Tag Archives: Arizona

Therapeutic Riding Program Gets Cowboy Back In The Saddle

Brad was born in the one-stoplight town of Milington, Michigan.  As a young man, he moved with his family to the Southwest where cattle was big business and where he learned to rope and ride.  He was a cowboy; a rough riding rodeo type who “was always up to something.”  On the Papago Reservation in Arizona, he worked the ranches with his father, training horses and rounding up cattle for the Pacific Livestock Auction.  He was a wrestler in high school and a boxer in the Army.  Slowing down was not in his vocabulary so when he moved back to Michigan, he got a job in construction and continued to ride as a hobby.

On Veteran’s Day three years ago, Brad was involved in a car accident that left him paralyzed from the chest, down.  Unable to walk and with limited use of his hands, he left his job as project manager in a heating and cooling company and went looking for a place to live that was wheelchair accessible.  He moved to Evergreen Grove in Otter Lake. There he could live independently in a setting that was far from a nursing home, yet get the help he needed.

Brad wanted more than independence, though; he wanted his life back.  He did not want those important parts of his identity to be lost. He missed the outdoors, he missed boxing, and most importantly, he missed horses.  An online search revealed a number of programs out there for individuals with physical challenges.  O.A.T.S., Offering Alternative Therapy with Smiles, was a therapeutic horseback-riding program based in Clarkston, not too far away.  He signed up and within weeks his feet were back in the stirrups.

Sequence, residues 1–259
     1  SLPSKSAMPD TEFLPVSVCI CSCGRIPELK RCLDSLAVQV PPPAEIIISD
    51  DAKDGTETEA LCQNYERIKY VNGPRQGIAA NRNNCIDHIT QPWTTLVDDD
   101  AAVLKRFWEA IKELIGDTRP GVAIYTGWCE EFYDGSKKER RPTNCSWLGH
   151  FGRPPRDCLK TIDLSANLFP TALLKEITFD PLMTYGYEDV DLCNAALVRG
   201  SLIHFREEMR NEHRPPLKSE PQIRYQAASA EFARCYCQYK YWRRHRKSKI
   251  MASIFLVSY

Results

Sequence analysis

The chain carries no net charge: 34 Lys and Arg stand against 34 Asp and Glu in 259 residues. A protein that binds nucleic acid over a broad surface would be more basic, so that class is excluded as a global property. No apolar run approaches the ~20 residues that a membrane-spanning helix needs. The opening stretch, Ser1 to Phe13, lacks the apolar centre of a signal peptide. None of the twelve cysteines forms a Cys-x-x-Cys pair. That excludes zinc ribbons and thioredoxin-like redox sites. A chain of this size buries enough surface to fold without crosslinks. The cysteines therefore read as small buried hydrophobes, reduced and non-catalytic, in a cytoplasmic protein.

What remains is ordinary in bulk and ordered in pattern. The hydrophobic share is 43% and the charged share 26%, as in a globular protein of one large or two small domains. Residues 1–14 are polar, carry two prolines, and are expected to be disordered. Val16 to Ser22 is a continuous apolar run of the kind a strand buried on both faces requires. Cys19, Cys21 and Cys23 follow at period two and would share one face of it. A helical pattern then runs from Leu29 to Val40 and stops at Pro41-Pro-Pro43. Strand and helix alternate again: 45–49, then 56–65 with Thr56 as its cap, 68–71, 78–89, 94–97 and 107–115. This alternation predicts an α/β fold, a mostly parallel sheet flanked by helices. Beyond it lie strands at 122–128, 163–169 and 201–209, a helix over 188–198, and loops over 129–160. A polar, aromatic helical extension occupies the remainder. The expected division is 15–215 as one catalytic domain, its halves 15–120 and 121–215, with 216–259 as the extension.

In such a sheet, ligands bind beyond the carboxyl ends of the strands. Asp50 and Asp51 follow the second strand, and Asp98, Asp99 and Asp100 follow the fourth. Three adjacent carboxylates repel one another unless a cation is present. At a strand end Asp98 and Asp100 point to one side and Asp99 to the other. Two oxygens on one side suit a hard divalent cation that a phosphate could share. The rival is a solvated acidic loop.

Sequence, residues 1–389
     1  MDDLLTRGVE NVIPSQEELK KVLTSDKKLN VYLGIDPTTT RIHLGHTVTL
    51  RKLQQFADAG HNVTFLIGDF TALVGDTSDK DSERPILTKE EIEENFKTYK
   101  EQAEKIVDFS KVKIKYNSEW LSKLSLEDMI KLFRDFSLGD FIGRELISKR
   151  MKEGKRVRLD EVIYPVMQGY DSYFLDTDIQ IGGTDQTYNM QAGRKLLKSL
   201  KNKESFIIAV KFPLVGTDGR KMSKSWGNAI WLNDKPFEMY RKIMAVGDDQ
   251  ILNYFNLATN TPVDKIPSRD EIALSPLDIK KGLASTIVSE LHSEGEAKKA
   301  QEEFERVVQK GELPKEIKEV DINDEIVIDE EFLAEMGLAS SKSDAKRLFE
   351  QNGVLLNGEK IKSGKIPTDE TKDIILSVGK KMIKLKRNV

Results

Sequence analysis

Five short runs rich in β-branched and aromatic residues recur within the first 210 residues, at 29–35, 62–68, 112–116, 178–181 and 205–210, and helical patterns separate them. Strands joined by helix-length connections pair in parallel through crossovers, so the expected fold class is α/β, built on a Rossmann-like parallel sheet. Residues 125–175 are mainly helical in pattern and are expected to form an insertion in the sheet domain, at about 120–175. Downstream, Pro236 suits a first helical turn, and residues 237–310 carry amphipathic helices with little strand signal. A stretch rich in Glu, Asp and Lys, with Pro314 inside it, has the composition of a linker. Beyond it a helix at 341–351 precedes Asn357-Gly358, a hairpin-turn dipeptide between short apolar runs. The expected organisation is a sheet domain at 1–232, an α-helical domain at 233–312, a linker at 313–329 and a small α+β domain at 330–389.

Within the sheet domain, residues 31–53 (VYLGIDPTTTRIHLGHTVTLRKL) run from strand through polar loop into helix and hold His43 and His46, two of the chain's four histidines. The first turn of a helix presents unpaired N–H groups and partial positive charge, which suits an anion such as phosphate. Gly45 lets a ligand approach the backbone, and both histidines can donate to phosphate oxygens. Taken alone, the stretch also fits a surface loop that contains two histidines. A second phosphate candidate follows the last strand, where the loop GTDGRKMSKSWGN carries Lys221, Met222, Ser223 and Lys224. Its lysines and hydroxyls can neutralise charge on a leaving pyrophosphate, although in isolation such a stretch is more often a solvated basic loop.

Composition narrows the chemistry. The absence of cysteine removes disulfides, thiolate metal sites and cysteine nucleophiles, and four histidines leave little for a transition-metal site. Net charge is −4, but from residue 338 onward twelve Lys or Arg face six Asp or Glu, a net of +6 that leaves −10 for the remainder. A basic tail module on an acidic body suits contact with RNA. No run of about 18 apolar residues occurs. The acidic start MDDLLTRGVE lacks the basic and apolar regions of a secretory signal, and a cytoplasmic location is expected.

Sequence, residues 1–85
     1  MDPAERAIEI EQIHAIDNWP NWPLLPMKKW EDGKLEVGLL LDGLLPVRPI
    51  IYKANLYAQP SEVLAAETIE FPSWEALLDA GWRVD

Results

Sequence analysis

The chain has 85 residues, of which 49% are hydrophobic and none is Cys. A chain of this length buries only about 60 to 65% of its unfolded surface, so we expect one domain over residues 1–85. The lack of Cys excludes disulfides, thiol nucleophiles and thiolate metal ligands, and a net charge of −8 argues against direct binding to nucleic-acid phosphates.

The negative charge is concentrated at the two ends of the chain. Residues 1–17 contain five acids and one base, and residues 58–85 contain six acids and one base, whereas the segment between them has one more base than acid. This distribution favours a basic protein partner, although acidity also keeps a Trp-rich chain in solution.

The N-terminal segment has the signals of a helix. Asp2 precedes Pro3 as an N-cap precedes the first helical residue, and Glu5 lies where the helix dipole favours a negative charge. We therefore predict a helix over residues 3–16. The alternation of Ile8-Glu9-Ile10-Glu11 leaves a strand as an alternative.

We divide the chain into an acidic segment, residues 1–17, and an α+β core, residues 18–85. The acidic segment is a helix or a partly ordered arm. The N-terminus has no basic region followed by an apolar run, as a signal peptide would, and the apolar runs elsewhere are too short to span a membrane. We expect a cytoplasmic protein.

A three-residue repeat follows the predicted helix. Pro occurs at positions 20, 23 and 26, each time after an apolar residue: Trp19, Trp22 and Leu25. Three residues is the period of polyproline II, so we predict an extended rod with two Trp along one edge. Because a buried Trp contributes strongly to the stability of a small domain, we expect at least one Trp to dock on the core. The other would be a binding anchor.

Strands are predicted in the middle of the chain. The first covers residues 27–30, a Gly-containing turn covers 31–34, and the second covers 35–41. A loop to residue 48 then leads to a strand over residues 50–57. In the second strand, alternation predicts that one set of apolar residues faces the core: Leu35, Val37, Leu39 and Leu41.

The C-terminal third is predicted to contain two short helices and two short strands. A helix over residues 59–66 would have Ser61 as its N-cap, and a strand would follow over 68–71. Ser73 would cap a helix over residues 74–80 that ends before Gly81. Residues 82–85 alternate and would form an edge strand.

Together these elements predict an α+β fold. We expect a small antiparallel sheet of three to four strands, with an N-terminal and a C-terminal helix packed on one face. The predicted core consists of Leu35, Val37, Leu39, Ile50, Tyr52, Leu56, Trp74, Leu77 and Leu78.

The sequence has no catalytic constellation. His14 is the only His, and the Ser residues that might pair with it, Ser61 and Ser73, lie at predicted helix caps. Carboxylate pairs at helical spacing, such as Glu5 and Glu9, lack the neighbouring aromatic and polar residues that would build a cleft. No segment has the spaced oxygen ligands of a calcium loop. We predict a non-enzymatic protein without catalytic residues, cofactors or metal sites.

Brad on a horse

In 3 sessions, he was walking a horse in a round pen with volunteers and specialists.  “It took a couple tries for me to find my balance,” says Brad.  “I used a standard western saddle with no back and just a saddle horn so I had to learn different ways to keep upright.”  He found that Velcro straps around his wrists help him pull himself back into position, when the gait of the horse shifted him to the side.  This allowed him to ride 15-20 yards at a time with no assistance.

On the fifth session, his caregiver, Patty Gring of AdvisaCare got to come along. “I was beyond excited I cried. It was so amazing for me to see one of our clients up on a horse after all he has been through and see him work towards his dream. Just brings me so much joy.”

His success in the program opened up other doors for Brad.  Just recently, he acquired a heavy bag and has begun his journey back into boxing.  “Any plans for a career from here?” I asked.  “Yeah, but not in construction.” He plans to train his own horse and to open an adapted gym so that others with disabilities can learn to box.  “It’s great core exercise,” he says. “At first, I couldn’t hit a flea but not I have a pretty good swing!”

Brad is also in the process of writing a book about his life. With a pilot and fire bomber for a father and a childhood working with the Papago Indians in Arizona, as well as his adventures in the Army, his life has taken many interesting paths.  For Brad, each new element becomes just another chapter. He is a proud father and a driven cowboy, hanging his hat on great hopes for the future.

To learn more about O.A.T.S. or any of the other programs mentioned in this article, please visit the links below.


Tony Jackson on Power Soccer

Copyright © 2012 Loren Worthington. Used with permission.

Tony Jackson is unmistakable in a crowd. His crazy hair and heavy metal style means that he carves his own path through the world but Tony isn’t your typical headbanger- he rocks out on wheels wherever he goes. Tony has condition called arthrogryposis, a rare congenital disorder in which multiple joints are bent, twisted or fused causing limited movement. He gets around with the help of a power wheelchair but despite physical limitations, there isn’t much Tony hasn’t accomplished. Like Maegan Clark and Robert Coombs, he’s figured out how to get where he wants to go in life: earning 2 college degrees, living independently and most recently becoming employed at a brand new sports and fitness facility for people with disabilities. see also SpoFit.